I tend not to watch or read the news on a regular basis, preferring not to learn about the sufferings of the world through the heavy filters of daily mainstream media. But I do think that it is important to know about suffering, even if everything in our own existence is comfortable for the moment.
Yesterday I found Sympathy at Slaughter, a Toronto-based project focused on bearing witness to the suffering of animals as they are about to be trucked into the slaughterhouse. I am vegan–but my cats are not. I also ate meat–and lots of it–for the first 20 years of my life. I am just as complicit in this suffering as anyone else; I am not trying to put myself on a pedestal or bathe in self-righteousness because the truth is that ALL food–even vegan food–involves suffering, violence, and exploitation. I have complex views about killing animals for food and am not a knee-jerk member of the Vegan Police or a supporter of PETA. I realize that not everyone is in a position to go vegan–people live in food deserts, or they can only afford the cheapest of cheap food, like ramen, and yes, some people need meat in their diets in order to live.
That being said, I feel it’s important that those who buy meat from a grocery store or eat it in restaurants bear witness to the suffering that they are eating. Not only is factory farming one of the most environmentally destructive factors in the world right now, but the suffering of the highly intelligent animals featured in Sympathy at Slaughter is palpable: animals piled on top of one another, driven to the slaughterhouse in freezing temperatures or in temperatures so hot that they smother; animals standing in their own feces and that of others; animals covered in cuts and scratches; animals who, if they cannot get off of the truck quickly enough, are struck and poked with cattle prods over and over. This is the reality of the cheap meat that North Americans eat for two or three meals a day, every day of the week.
I then read the story of another kind of suffering: 6-year-old Strider Wolf, who at the age of 2 was beaten so severely by his mother’s boyfriend that a hole was punched in his stomach and his intestines were broken open. Strider and his younger brother now live (in poverty) with their grandparents, the only adults stable enough to take care of them. Living in rural Maine, they spent a spring and summer in an RV, moving from place to place after getting kicked out of their mobile home for failure to make rental payments on their lot. Strider’s grandparents’ health problems keep them from getting regular work and they struggle with not only financial stability, but creating an emotionally stable environment for the boys.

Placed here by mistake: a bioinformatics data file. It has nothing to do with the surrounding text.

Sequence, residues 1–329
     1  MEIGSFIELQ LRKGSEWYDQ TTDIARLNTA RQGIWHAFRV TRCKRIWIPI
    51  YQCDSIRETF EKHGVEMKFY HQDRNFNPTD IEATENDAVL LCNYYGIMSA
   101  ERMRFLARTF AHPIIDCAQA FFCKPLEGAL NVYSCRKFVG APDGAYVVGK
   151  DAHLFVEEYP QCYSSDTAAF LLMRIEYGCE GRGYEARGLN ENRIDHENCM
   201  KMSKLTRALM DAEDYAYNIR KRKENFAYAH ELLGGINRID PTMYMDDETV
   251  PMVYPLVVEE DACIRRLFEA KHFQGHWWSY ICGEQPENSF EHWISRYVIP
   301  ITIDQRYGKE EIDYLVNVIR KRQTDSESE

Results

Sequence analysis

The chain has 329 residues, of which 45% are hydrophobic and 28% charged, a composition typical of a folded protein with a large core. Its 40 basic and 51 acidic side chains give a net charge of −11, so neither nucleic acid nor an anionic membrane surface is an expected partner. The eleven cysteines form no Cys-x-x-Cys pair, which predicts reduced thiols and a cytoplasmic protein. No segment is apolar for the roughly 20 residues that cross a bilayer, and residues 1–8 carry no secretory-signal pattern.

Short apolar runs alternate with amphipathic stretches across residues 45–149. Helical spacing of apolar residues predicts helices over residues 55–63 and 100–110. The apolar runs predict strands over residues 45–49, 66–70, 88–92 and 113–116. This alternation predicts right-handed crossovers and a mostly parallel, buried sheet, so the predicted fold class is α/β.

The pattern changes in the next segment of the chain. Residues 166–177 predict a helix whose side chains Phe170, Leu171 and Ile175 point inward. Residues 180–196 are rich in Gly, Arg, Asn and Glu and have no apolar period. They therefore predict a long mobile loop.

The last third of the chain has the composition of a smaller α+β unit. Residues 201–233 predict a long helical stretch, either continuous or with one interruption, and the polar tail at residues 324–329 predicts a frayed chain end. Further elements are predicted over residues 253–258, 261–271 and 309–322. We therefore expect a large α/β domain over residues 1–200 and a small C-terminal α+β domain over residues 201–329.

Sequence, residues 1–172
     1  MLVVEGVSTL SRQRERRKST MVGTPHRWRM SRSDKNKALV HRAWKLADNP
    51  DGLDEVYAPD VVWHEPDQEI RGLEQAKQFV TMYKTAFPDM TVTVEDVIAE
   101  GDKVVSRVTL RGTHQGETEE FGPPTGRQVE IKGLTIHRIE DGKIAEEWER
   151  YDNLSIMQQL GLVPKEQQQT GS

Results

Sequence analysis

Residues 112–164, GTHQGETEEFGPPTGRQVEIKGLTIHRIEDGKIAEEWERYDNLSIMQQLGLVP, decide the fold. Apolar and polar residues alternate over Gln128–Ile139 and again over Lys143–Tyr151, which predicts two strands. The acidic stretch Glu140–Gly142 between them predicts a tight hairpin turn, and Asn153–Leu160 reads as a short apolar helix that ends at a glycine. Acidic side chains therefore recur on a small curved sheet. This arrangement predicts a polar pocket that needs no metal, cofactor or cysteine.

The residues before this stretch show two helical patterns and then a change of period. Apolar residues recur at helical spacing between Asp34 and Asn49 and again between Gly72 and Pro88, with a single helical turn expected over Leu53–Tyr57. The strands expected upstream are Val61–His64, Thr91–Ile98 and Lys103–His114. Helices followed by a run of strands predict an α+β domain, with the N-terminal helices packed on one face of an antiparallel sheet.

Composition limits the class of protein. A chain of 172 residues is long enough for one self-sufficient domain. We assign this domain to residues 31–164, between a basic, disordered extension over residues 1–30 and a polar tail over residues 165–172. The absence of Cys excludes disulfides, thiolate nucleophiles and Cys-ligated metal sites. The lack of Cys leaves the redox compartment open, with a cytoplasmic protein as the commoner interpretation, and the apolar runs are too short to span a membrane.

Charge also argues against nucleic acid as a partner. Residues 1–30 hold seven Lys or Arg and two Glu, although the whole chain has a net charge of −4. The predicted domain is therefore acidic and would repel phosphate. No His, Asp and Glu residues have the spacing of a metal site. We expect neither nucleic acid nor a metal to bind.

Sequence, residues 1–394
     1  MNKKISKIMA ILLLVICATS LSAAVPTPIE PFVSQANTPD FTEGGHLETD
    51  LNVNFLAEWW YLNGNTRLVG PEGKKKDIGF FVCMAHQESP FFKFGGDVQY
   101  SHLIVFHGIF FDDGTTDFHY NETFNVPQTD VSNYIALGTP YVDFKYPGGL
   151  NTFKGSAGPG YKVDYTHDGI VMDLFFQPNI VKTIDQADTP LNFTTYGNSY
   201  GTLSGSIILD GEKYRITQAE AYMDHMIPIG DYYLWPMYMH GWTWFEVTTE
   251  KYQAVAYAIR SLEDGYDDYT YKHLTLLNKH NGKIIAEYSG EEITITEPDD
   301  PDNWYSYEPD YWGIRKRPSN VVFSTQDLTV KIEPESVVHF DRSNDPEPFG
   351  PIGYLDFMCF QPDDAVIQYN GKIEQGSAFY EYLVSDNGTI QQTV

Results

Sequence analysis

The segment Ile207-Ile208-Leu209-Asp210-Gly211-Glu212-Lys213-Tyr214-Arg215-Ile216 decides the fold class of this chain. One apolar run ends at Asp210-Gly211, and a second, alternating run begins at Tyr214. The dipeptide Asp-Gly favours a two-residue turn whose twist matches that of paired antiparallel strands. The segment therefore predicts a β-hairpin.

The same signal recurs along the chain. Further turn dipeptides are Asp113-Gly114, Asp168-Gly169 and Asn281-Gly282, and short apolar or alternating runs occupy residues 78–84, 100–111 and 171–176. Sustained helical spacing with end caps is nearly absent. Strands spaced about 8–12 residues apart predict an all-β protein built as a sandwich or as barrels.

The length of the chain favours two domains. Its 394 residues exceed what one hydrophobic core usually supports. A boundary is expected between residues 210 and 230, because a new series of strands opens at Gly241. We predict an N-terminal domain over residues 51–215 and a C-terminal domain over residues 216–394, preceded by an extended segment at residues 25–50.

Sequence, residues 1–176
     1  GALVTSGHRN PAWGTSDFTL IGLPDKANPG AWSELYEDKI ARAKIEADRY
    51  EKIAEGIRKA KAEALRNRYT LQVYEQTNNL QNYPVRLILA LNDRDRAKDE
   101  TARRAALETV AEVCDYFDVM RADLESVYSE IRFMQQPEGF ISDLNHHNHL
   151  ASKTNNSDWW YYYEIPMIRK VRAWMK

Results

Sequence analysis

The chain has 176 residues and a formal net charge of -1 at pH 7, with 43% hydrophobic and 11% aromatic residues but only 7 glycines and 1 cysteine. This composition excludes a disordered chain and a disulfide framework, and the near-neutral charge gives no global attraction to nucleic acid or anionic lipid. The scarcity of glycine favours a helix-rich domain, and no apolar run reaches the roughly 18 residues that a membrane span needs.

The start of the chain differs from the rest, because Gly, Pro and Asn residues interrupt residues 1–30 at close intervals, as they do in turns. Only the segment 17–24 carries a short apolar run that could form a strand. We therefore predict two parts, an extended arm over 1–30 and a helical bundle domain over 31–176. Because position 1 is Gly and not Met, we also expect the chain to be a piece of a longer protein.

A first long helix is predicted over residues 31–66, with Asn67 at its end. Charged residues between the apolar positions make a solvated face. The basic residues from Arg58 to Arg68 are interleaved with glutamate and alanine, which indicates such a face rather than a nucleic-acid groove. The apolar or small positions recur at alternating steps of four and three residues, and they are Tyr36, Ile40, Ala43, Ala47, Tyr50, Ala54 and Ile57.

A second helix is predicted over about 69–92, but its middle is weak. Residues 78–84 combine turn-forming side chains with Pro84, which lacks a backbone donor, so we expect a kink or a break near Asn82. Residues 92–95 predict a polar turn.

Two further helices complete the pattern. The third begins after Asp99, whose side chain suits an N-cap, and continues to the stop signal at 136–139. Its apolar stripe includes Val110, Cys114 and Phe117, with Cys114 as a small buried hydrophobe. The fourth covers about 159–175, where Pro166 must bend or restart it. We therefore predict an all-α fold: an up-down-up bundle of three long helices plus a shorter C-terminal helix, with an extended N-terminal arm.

Bearing witness to suffering like this is difficult, but necessary. How could I begrudge some cheap meat to Strider and his brother? And yet, I know where it comes from. Reading these pieces, however, will lead to despair if it’s not done within the context of cultivating compassion and not followed up with self-care. Last night, feeling heavy with what I’d seen and read, I decided to turn to tarot, not to make the suffering go away, but to affirm what I was feeling.
When I am in pain, the most helpful thing to do with tarot cards is to not ask them a question. When we ask questions, we want answers–we want certainty. But I didn’t need any answers, I just wanted confirmation of what I was feeling. So I pulled out my small Thoth deck and asked, “Can you please just mirror what I’m feeling back to me?” I then laid the cards out in a cross formation (I did a Celtic cross, but I have also done a full-on Latin cross for this exercise.)
This is what I got: the Empress, surrounded by Justice/Adjustment, The Knight of Cups, the 3 of Wands (“Virtue”) and the 5 of Disks (“Worry.”) I wrote in my journal:
supported by virtue,
a questing heart,
a grounded healer.
An earthy center surrounded by the four elements on all sides. The Empress is an expression of my desire to heal and my capacity to feel compassion. She looks forward to the Knight of Cups, whose heart seeks after ideals based in love. She is supported in all that she does by a strong sense of goodness and virtue–not ethical perfection, but the desire of trying to figure out what is right in every moment. Above her is the ideal she seeks for: justice, the righting of wrongs. Behind her, compelling her actions, are the worries and sorrows of the world.
I have not done this mirroring exercise many times, but when I do, it always turns out to be a potent method of self-love and self-care. It’s not that the cards are somehow sentient and tell me things about myself that I don’t know. Rather, the images and words on the cards give me a space to remind myself of my own good qualities, the validity of my struggles, and the fact that I feel pain when seeing the suffering of others is a positive quality. That being said, it seems like the art of the Thoth deck is most conducive of this result for me and I’ve never entrusted this exercise to any other deck.
Tarot always functions as a mirror, but I think sometimes we can see more clearly when we do not expect anything of the deck apart from simple recognition. No answers, no certainty, no advice; just confirmation and a sense that your feelings are valid. I’ve never seen this method written about anywhere else, but I doubt I’m alone in practicing it. Has anyone else tried?